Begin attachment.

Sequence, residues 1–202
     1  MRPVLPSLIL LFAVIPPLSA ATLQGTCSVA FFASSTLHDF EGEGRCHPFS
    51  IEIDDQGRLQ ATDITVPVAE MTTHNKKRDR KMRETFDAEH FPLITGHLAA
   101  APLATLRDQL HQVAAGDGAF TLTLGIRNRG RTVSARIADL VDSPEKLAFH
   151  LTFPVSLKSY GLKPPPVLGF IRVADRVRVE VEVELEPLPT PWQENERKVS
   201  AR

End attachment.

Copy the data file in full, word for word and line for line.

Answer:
Sequence, residues 1–202
     1  MRPVLPSLIL LFAVIPPLSA ATLQGTCSVA FFASSTLHDF EGEGRCHPFS
    51  IEIDDQGRLQ ATDITVPVAE MTTHNKKRDR KMRETFDAEH FPLITGHLAA
   101  APLATLRDQL HQVAAGDGAF TLTLGIRNRG RTVSARIADL VDSPEKLAFH
   151  LTFPVSLKSY GLKPPPVLGF IRVADRVRVE VEVELEPLPT PWQENERKVS
   201  AR